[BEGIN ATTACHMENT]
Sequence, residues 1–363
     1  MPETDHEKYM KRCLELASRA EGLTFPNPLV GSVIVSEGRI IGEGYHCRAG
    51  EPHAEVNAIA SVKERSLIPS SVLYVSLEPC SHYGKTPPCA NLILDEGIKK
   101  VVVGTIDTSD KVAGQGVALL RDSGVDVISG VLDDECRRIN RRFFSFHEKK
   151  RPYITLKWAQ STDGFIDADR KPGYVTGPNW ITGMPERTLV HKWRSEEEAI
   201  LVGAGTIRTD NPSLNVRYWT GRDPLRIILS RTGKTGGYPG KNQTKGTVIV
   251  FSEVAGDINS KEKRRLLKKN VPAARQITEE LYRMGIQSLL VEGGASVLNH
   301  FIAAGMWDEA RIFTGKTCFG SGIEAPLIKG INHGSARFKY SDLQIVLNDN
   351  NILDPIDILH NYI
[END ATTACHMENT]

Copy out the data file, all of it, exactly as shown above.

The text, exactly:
Sequence, residues 1–363
     1  MPETDHEKYM KRCLELASRA EGLTFPNPLV GSVIVSEGRI IGEGYHCRAG
    51  EPHAEVNAIA SVKERSLIPS SVLYVSLEPC SHYGKTPPCA NLILDEGIKK
   101  VVVGTIDTSD KVAGQGVALL RDSGVDVISG VLDDECRRIN RRFFSFHEKK
   151  RPYITLKWAQ STDGFIDADR KPGYVTGPNW ITGMPERTLV HKWRSEEEAI
   201  LVGAGTIRTD NPSLNVRYWT GRDPLRIILS RTGKTGGYPG KNQTKGTVIV
   251  FSEVAGDINS KEKRRLLKKN VPAARQITEE LYRMGIQSLL VEGGASVLNH
   301  FIAAGMWDEA RIFTGKTCFG SGIEAPLIKG INHGSARFKY SDLQIVLNDN
   351  NILDPIDILH NYI